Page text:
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March Law School Madness

March Madness is upon us! I hope your NCAA tournament bracket is doing better than mine (c’mon Michigan State, really?). In keeping with the spirit of the season, this post is going to present a “mini-bracket” with different law schools facing off. To ratchet up the excitement, we’re going to start with a Final Four.

I’m going to talk a lot about the top-14 schools. The top-14 schools have been at the top of the rankings for a long time. They jockey for position between themselves, but they almost never shift outside the top-14 and they generally have the best employment statistics (by a wide margin).

Semi-Final 1: No. 1 Seed—Harvard, Yale, Stanford vs. No. 4 Seed—Strong Regional School with $$$

Harvard, Yale, and Stanford are the big three of the law school world. They reign supreme at the top of virtually every ranking list. Attending one of the three provides you with nearly unparalleled opportunities. Because it would be a slam dunk (get it, because March Madness) to receive an offer of admission and money from one of these schools, I’m going to assume there is no financial assistance on the table.

Squaring off against H/Y/S is a strong regional school, meaning a school outside of the top-14 that has strong employment opportunities and connections within a particular geographic region. Examples of such schools would include USC, Boston College, LSU, and William & Mary. To make things a little more competitive, I’m going to assume that either a full ride or a substantial scholarship is available to such a school.

And the winner is . . . Harvard, Yale, or Stanford!

There are obvious benefits to coming out of a school with no debt, especially if you’re interested in public interest work. Attending law school is an increasingly expensive and decreasingly secure option. Nevertheless, attending H/Y/S almost assuredly gives you the opportunity to work at a biglaw firm for a few years, thereby taking care of your debate, and opening the door to more prestigious and fulfilling employment opportunities thereafter.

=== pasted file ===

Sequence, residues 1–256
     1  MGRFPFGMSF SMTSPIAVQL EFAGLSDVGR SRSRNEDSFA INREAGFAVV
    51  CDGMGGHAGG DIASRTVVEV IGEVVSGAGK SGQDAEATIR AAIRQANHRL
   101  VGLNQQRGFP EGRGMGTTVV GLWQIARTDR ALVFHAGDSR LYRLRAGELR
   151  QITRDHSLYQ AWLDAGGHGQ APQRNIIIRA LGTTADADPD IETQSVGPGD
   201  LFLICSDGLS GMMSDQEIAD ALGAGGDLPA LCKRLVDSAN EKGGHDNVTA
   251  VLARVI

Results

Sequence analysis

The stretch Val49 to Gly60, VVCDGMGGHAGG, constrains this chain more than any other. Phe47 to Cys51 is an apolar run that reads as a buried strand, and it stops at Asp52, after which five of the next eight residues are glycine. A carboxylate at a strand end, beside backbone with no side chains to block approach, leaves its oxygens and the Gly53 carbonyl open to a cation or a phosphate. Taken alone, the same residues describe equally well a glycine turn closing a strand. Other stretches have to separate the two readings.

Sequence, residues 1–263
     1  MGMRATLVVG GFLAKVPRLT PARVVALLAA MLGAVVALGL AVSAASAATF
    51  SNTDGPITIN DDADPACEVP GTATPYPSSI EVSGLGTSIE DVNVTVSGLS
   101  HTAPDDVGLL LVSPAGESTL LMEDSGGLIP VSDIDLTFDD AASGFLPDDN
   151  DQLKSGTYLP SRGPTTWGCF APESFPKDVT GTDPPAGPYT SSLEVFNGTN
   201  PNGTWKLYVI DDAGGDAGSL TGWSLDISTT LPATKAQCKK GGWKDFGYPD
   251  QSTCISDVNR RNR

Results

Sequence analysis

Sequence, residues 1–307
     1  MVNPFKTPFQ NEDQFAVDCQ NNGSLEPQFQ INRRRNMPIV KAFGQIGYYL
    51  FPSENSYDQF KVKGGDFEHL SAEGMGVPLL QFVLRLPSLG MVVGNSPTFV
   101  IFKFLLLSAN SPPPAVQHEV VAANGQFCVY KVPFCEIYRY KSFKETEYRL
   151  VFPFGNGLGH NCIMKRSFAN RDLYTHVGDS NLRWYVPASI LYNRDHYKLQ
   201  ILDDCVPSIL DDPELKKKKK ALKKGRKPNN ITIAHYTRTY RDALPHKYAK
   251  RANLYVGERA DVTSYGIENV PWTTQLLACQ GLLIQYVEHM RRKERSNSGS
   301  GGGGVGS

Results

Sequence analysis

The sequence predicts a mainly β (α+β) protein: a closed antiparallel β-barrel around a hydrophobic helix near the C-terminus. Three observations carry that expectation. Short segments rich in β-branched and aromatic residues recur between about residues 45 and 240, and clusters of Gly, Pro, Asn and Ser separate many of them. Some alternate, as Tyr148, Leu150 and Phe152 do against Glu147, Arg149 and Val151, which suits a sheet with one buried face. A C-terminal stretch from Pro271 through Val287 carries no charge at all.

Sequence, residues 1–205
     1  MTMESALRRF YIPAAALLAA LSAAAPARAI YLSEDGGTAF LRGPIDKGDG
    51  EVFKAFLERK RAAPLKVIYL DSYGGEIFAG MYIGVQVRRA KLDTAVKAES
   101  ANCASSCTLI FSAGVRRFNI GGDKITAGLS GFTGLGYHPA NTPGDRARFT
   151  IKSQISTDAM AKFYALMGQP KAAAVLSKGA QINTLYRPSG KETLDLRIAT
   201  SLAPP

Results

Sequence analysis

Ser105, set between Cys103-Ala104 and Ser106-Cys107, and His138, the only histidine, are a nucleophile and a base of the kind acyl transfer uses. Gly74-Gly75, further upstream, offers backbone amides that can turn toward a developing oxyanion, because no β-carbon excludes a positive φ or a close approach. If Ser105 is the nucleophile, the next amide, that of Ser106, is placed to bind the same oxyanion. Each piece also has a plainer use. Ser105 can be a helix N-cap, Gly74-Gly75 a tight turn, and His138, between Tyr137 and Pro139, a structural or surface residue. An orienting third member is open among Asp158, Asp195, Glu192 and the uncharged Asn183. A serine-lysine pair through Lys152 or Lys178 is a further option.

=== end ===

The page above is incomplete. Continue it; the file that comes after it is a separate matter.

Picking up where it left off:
Semi-Final 2: No. 2 Seed—Mid-Top 14 with $ vs. Lower Top 14 with $$

Here, the mid-top 14 (including Columbia, Chicago, NYU, Penn. and UVA) face off against the lower-top 14 (including Duke, Berkeley, Michigan, Northwestern, Cornell and Georgetown). To make things more competitive, I’m going to assume the offer to the mid-top 14 includes a 1/4 to 1/3 scholarship, and an offer to the lower-top 14 includes a 1/2 to 2/3 scholarship.

This one is a bit of a toss-up. Personal factors, including geographical preferences, debt aversion, and family connections, will probably play a decisive role in deciding between these two options. All else being equal, I would lean toward one of the mid-top 14 with $ over a lower-top 14 with $$. I think the extra employment security and increased geographical pull of a higher ranked school makes the extra cost worth it.

Final: H/Y/S vs. a Mid-Top 14 with $

I’ll try not to be a homer here (given that I attend a mid-top 14) and remain objective. The winner here is H/Y/S. As I noted above, the top 3 are the top 3 for a reason. They’re essentially in a league of their own. Again, numerous factors can come into play that might make it more personally worthwhile to attend another school, but the employment statistics and the doors that a JD from any of these schools will open make them worth the cost, even at “sticker.”

So I guess I lied about the intrigue and drama — the seeds played out as expected… which is surprising since I had absolutely no control over them. Anyway, H/Y/S comes out on top. If you manage to score an offer of admission from any of those three, I would probably take it and run.